Clemens Tönnies departure from Schalke has long been in the making. For DW's Jonathan Harding, the decision to step down is the first time he has taken responsibility for his actions.
Clemens Tönnies departure from Schalke was overdue. But let's make no mistake: we have always known who Clemens Tönnies is.
He is a man who temporarily stepped down as chairman for three months after saying at a public event that it would be better to finance 20 power plants a year in Africa because "then the Africans would stop cutting down trees, and they would stop making babies when it gets dark."
He is a man who, as the main owner of Germany's and Europe's largest meat processing company,was willing to put the lives of his workers at risk for financial profit, a man who thought housing his employees in cramped and unhygienic accommodation was acceptable during a pandemic.
He is a man who is leaving Schalke with the club possessing nearly €200 million ($224 million), a man who has recently made poor strategic decisions, overseen bizarre transfer moves and enjoyed far too much control for far too long.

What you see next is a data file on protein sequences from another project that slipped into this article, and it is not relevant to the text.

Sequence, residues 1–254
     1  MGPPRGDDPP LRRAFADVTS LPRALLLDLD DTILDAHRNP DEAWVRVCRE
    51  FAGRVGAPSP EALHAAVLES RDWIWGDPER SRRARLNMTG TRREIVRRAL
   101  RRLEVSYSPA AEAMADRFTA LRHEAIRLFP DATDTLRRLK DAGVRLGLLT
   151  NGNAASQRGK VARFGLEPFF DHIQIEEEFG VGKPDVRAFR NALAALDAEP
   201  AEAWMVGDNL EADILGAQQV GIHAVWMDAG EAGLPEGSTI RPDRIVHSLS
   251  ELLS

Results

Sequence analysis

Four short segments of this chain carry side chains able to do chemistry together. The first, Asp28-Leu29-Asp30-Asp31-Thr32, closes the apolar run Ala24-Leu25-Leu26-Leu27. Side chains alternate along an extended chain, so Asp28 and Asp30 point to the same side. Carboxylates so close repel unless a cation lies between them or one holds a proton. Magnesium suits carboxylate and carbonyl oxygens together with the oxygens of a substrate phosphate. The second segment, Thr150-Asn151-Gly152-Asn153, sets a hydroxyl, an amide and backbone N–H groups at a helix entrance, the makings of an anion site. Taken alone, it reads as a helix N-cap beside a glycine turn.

Tönnies has spent most of his career being oblivious to the implications of his actions. Perhaps that is what great power and wealth — $1.7 billion, according to Forbes — does to a man. Now, though, the pressure was too great and the implications too obvious.
Time to go
The decision to resign is perhaps the first time Tönnies has taken responsibility for his own mistakes.
A self-imposed ban for racist comments is not taking responsibility. It is just another example of an old white man hiding from the storm in order to get away with it. Palming off the greedy behavior of his meat processing company is not taking responsibility, neither is not assessing his own role in Schalke's sporting demise.
Over the last 26 years at the club, Tönnies has invested time, money and effort. He deeply cares about Schalke, but the 64-year-old has turned from being part of the club's solution to an untenable problem.
His words and his actions have left him so far away from Schalke's mission statement, one that clearly rejects exclusion, xenophobia and discrimination.
Schalke fans know what their storied club stands for.That's why they took to the streets and to social media timelines to protest Tönnies' reign. They have a forced a change that Tönnies should have been able to see for himself.
But we've always known who Clemens Tönnies is and he's unlikely to change, but now there's a chance they can at Schalke.